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>I genuinely don't think I could tell you anything that happened in Germany between the Romans and the 20th century, apart from Martin Luther King and the odd composer
Germany had a very chequered history even before the 20th century. It's really fascinating when you read about it, because for much of the second millennium AD, it consisted of a multitude of small kingdoms, duchies, and counties which together made up the Holy Roman Empire of the German Nation, but were very distinct from each other and each had their own aristocratic rulers, which were also frequently at war with each other, such as during the Thirty Years' War in the 1600s. This German system of regional rivalry was called Kleinstaaterei, literally "smallstatery". The aristocratic regional rulers and their families had absolute power over their subjects, and it was not uncommon for them to own entire towns or villages and everything in them. Unlike the eventually emerging British system of constitutional monarchy, Germany held on to that kind of post-mediaeval feudal system much longer than most other European nations, until its class of aristocracy and nobility formally lost all its privileges for good in 1919 following Germany's WWI defeat, after which Germany became a constitutional democracy for the first time in its history. This long adherence to quasi-feudalism is also cited as one reason why Germany was a bit late to the party with industrialisation, as many of its citizens lived in agricultural serfdom to a local lord far longer than people in Britain, often into the early 1800s. There was no social mobility, and for a long time, as a serf, you effectively had to have permission from your lord to even travel outside the land that he owned.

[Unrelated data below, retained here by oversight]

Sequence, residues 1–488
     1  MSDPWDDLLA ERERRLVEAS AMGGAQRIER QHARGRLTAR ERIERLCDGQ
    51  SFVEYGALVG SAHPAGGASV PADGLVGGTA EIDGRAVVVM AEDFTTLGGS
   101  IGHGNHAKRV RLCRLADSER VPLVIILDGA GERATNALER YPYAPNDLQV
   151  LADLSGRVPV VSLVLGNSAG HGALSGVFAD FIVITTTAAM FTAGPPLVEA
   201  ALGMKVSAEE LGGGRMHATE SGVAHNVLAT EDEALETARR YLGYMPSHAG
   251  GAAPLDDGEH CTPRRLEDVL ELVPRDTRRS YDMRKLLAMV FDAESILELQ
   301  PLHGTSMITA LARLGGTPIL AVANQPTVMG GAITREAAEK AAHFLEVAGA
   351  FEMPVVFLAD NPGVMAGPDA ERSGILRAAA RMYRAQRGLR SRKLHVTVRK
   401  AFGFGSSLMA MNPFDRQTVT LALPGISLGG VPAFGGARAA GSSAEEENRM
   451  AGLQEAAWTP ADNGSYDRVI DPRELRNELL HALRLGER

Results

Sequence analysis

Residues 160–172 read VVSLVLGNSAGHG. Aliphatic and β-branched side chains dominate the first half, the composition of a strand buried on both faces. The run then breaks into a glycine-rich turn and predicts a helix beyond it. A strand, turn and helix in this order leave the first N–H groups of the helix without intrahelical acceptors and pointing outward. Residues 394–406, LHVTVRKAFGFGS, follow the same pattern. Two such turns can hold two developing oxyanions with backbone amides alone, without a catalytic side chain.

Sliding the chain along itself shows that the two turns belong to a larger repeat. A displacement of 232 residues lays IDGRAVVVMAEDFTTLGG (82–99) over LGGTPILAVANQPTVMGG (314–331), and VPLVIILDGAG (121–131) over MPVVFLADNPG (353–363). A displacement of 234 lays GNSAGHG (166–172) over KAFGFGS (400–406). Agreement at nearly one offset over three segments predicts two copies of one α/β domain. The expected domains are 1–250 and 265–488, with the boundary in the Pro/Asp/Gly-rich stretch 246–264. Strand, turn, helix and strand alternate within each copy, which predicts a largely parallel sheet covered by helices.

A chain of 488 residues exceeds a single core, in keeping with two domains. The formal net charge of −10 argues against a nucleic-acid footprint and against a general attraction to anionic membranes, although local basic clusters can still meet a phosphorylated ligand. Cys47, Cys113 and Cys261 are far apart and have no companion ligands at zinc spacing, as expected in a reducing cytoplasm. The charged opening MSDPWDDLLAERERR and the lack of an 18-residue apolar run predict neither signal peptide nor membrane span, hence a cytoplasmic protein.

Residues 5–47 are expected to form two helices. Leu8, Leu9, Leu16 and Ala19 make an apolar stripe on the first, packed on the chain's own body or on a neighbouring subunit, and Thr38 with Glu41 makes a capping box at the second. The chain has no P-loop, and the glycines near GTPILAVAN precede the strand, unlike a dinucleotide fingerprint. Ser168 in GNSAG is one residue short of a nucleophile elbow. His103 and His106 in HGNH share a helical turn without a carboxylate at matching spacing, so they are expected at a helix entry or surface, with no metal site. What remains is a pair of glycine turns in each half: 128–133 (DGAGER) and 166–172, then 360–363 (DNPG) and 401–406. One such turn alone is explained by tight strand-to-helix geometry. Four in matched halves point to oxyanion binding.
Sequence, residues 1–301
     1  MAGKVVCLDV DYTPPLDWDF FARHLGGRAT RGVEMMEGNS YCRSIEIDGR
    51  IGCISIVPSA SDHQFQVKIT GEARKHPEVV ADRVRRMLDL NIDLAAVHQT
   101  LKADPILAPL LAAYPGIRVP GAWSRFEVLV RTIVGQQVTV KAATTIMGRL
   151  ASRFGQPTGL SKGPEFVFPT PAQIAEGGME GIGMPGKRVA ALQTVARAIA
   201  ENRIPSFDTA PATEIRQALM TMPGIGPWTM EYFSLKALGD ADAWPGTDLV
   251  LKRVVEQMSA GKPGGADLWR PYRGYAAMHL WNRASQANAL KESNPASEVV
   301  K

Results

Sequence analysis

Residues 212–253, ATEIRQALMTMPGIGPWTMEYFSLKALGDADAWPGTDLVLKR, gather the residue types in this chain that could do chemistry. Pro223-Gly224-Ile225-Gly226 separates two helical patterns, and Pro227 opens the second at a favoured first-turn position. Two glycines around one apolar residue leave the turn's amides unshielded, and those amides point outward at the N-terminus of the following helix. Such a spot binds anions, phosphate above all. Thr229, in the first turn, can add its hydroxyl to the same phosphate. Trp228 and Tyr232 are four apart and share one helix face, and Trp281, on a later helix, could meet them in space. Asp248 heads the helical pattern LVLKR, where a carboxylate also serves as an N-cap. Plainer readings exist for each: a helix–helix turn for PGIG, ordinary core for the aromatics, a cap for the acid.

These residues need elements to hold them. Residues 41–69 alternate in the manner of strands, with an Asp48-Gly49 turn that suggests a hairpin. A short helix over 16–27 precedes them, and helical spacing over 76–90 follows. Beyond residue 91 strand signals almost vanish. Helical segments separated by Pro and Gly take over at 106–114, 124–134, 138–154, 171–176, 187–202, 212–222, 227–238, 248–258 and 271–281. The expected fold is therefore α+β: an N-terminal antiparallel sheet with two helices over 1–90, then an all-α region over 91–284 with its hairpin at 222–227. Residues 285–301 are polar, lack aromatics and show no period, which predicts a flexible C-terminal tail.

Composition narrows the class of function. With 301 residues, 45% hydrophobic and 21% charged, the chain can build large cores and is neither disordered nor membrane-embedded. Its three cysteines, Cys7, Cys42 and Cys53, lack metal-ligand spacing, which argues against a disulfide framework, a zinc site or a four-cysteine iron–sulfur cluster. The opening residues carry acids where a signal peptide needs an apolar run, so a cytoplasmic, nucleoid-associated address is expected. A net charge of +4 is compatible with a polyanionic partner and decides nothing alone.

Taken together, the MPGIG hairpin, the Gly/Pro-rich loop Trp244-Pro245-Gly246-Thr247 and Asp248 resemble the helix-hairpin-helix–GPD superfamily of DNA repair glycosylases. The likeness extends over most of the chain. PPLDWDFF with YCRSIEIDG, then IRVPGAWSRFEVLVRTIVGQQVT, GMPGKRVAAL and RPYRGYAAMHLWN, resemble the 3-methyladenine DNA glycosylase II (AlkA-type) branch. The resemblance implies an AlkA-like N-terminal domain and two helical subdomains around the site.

In Britain, on the other hand, geographical and social mobility emerged much sooner, which counts as one reason why industrialisation was able to take hold by the mid-1800s, because the masses of labour that you needed for industrial manufacturing were much more readily available.